Continuing his exploration of modeling Australian prototypes, Fabrice Fayolle, who lives in Amiens, France, built a Gn15 diorama, Kelgura (above left). He was so pleased with it that he’s expanding his Gn15 modeling into a pizza layout (above right and title illustration). For more about his diorama, see Fabrice’s website. We’ll look forward to future photographs of his scenic treatment of the pizza!
PIZZAS ALSO MAKE GOOD ‘STARTER SETS’ FOR YOUNGSTERS
Inspired by the small layouts on this website, Greg Trickey, from Devon, England, built this 4x4ft (1.2×1.2m) OO-scale pizza layout for his son, Sam (hiding behind the house in the upper left photo). Platform, trains and movable scenery items are all selected to be very sturdy, able to withstand hard knocks from playful children! This is a good way to interest young people in the hobby of model railroading without making large investments in either trains and scenic goodies or your own hobby time.
PRAGUE PIZZA FURTHER EMBELLISHES TOTS’ TOY
David Pecina, from Prague, Czech Republic, elaborated on a battery-powered locomotive toy to create this pizza layout. It’s TT scale (1:120) and measures 31x30cm (1ft square). The station is called Mišín after David’s girlfriend, Míša, who gave him the loco.
KENTUCKY On30 LINE SHOWS OFF LUSH SCENERY
This 32x24in (81x60cm) On30 railroad was built as a test track and an exercise in learning to build convincing scenery. It’s creator, Gary Gresham, from Paducah, Kentucky USA, explains, “This is the Owen’s Quarry Branch, on the Cumberland Point RR, a fictitious railroad that runs through the hills of far Western Kentucky… There is a detailed backstory, but really it’s an excuse to run trains on a plausible fictional railroad with lush Kentucky scenery.”
To get a feeling for the “flavor” of this backwoodsy line, take a look at the YouTube video that Gary has produced (click on the triangle below). For more photos, see Gary’s Picasa Album.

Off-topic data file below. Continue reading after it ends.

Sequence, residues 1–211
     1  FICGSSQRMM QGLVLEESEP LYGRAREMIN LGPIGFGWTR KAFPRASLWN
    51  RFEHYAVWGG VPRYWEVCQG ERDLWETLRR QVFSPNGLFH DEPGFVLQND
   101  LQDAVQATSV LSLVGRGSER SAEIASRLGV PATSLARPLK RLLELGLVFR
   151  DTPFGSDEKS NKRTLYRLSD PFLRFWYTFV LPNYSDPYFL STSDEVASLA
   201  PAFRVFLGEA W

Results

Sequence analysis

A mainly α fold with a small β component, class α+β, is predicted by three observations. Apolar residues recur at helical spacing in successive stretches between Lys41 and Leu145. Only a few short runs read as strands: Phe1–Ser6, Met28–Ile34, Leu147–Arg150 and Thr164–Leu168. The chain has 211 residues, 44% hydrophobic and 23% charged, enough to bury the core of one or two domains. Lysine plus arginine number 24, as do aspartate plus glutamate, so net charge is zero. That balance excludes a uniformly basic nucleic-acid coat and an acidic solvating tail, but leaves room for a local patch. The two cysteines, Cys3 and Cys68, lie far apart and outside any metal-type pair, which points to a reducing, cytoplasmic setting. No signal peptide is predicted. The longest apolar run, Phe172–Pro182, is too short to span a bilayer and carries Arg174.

BEER CRATE PIZZA REDUX
Gavin Sowry, from Wellington, New Zealand, has appropriated a national landmark to house his exhibition pizza, called Pizza’n’Beer. He used a classic wooden ABC beer case… details in Scrapbook #67a. Gavin sent the above photo as a final report on the finished layout.
LAYOUT BUILT IN A REAL PIZZA BOX!
Duane Brocious, from Lansdale, Pennsylvania USA, built his layout in a genuine pizza box! It’s an N-scale pike, and rolling stock includes a salt car and a milk tanker, to help provide the “makings” for many pizzas. Duane points out that he still has some detailing to do.
WINTRY PIZZA IS BAKED IN ITALY, OPERATES MULTINATIONALLY
This N-scale winter pizza was built in a wooden box by Luca William Lucarelli, from Torino (Turin), Italy. In its 33x23cm (13x9in) space, Luca has included “a tunnel, a station, a bridge, a mountain, a river, a canyon, a forest, a road and a level crossing!” He also can run rolling stock from several countries because the scenery spans at least two continents—the bridge and back tunnel portal are American inspired, while the station is more European. The photos show both Italian and U.S. stock. The layout’s name: Mélange!